.

His Body, Ourselves

Reviewed by Benjamin Balint

Abraham’s Promise
by Michael Wyschogrod (R. Kendall Soulen, ed.)
Eerdmans, 2004, 256 pages.

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Michael Wyschogrod, whom the editor of this book calls “perhaps modern Orthodoxy’s most significant religious thinker since [Joseph B.] Soloveitchik,” was born in Berlin in 1928, and settled in New York in 1939. There he studied at Yeshiva Tora Vodaath, Yeshiva University, and Columbia, where in 1954 he wrote a dissertation on Kierkegaard and Heidegger (among the first publications in America on that German philosopher). Thereafter, he taught at the City University of New York and the University of Houston and became active in Jewish-Christian dialogue.
Although widely admired for his book The Body of Faith (1983), Wyschogrod has mainly expressed his ideas in his essays, eighteen of which, some previously unpublished, now appear in Abraham’s Promise. The new anthology provides occasion to reflect on Wyschogrod’s long career and, because he is one of its few serious contemporary practitioners, on the state of Jewish theology itself.
As its title suggests, this volume—like Wyschogrod’s thinking generally—centers on God’s election of and irrevocable love for the progeny of Abraham. Wyschogrod insists that this choosing of the people Israel is “an election of the flesh,” a choice of “a biological family, rather than a community of faith.”
But as Wyschogrod takes this premise in increasingly surprising directions, it seems that for him this is where the clear contrast between Judaism and Christianity ends. To begin with, he claims God loves not only the souls of his people, but their bodies, too. And he not only loves their bodies, but dwells in them:
It is of course necessary to mumble a formula of philosophic correction. No space can contain God, he is above space, etc., etc. But this mumbled formula, while required, must not be overdone. It must not transform the God of Israel into a spatial and meta-temporal Absolute.... With all the philosophic difficulties duly noted, the God of Israel is a God who enters space and time…. God dwells not only in the spirit of Israel… he also dwells in their bodies.
Since in Genesis man is said to be fashioned in God’s image, Wyschogrod thinks we ought not be startled by this notion. “Man is created by God as a physical being,” he reminds us, “and if there is a human resemblance to God then his body also resembles God…. And if the human body can resemble God, then there must also be a physical aspect to God’s being.”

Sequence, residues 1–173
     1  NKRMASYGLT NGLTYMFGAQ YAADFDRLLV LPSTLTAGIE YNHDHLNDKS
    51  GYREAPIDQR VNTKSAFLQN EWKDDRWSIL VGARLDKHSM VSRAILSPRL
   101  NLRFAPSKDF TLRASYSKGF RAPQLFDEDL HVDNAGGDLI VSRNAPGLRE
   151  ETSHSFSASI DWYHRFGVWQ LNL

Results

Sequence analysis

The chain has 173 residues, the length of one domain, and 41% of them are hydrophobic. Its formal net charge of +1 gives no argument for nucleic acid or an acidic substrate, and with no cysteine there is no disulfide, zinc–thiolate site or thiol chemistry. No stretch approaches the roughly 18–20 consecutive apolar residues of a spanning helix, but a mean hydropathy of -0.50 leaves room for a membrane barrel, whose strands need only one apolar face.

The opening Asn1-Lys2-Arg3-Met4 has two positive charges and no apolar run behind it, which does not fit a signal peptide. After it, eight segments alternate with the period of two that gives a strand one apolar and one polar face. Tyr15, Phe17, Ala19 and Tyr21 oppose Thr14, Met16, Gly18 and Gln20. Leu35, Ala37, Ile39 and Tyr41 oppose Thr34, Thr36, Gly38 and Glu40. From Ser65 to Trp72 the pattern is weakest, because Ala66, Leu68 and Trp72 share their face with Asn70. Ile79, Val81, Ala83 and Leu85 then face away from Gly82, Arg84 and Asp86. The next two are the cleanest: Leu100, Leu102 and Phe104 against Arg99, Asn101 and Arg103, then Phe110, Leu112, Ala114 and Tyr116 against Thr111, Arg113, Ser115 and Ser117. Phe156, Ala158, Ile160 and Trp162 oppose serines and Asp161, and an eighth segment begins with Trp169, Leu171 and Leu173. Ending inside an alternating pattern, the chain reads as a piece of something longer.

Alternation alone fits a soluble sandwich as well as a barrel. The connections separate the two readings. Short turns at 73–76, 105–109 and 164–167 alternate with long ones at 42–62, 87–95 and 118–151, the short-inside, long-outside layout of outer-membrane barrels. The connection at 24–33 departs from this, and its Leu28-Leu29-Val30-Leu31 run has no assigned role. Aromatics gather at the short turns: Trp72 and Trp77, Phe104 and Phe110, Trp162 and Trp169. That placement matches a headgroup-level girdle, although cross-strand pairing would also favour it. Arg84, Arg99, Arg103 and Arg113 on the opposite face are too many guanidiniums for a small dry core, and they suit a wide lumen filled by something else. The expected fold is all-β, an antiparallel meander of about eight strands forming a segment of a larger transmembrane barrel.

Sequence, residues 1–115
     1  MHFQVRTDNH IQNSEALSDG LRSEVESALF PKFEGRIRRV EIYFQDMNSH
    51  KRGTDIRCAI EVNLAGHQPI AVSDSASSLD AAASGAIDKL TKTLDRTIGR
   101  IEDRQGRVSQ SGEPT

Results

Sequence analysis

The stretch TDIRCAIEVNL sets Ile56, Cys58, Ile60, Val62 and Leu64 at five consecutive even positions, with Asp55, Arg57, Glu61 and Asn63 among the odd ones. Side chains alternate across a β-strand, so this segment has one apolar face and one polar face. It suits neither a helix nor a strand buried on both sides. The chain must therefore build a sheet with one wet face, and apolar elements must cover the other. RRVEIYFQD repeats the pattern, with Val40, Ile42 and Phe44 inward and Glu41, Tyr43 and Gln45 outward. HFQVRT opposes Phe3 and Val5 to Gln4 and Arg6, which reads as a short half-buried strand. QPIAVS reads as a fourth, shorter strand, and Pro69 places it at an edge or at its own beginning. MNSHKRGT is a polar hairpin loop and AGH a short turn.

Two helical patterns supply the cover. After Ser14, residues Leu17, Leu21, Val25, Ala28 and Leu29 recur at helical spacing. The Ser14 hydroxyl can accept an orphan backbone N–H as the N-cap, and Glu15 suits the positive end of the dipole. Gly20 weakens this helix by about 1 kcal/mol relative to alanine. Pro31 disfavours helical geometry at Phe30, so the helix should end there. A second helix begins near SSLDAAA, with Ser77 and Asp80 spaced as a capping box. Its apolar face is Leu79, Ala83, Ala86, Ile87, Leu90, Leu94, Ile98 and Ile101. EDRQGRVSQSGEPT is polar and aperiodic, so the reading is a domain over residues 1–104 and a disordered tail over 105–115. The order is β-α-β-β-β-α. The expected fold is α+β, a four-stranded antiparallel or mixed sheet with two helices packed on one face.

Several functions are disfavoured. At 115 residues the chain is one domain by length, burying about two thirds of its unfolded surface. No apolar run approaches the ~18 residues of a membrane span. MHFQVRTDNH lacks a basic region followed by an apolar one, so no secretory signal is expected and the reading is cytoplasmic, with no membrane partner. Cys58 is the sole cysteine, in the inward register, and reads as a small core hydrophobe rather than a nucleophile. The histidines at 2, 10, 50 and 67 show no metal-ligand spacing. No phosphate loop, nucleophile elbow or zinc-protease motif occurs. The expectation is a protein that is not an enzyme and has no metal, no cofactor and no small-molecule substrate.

Wyschogrod emphasizes carnality in this way in order to prepare the ground for another unconventional claim, one it is best to let him put in his own words: The Christian doctrine of the incarnation, he says, represents “the intensification of the teaching of the in-dwelling of God in Israel by concentrating that in-dwelling in one Jew rather than leaving it diffused in the people of Jesus as a whole.” Put differently, “the divinity of Jesus is not radically different—though perhaps more concentrated—than the holiness of the Jewish people.” And then:
The Christian proclamation that God became flesh in the person of Jesus of Nazareth is but a development of the basic thrust of the Hebrew Bible, God’s movement toward humankind…. At least in this respect, the difference between Judaism and Christianity is one of degree rather than kind.
This argument, and the adoption of a Christian vocabulary that accompanies it, carries over from The Body of Faith, where Wyschogrod uses it to explain the absence of Jewish analogues for certain Christian dogmas. “If there is no need for sacrament in Judaism,” he says there, “it is because the people of Israel in whose flesh the presence of God makes itself felt in the world becomes the sacrament.”
Other Christian dogmas are similarly rendered more or less Jewishly unobjectionable under Wyschogrod’s conciliatory touch. He endeavors, for example, to show that the Bible nowhere insists on the unity of God—that Deuteronomy 6:4 should be translated: “Hear, O Israel! The Lord is our God, the Lord alone”—and then calls the doctrine of the Trinity “a problem for rather than a complete break with Judaism.”
The same attempt to soften the sharpest theological differences between Judaism and Christianity motivates another of this book’s central ideas: Wyschogrod’s rereading of Paul’s well-known attack on Jewish law and legalism. Christian and Jewish readers alike may be surprised to discover that contrary to the standard interpretation, Paul did not claim that after Jesus the Tora, superseded by a new law, became no longer obligatory for Jews. Paul’s critique, Wyschogrod says, was aimed not at the law per se, but only at the adoption of that law by Gentiles: Paul “is continuing the rabbinic tradition of discouraging Gentiles from conversion to Judaism and accepting and putting themselves under the judgment of a set of demands considerably more stringent than the Noachide laws.”
If Paul’s view of the law—so long mistaken as antinomian—does not represent much of a departure from the Jewish faith, neither, Wyschogrod continues, does his emphasis on mercy and grace: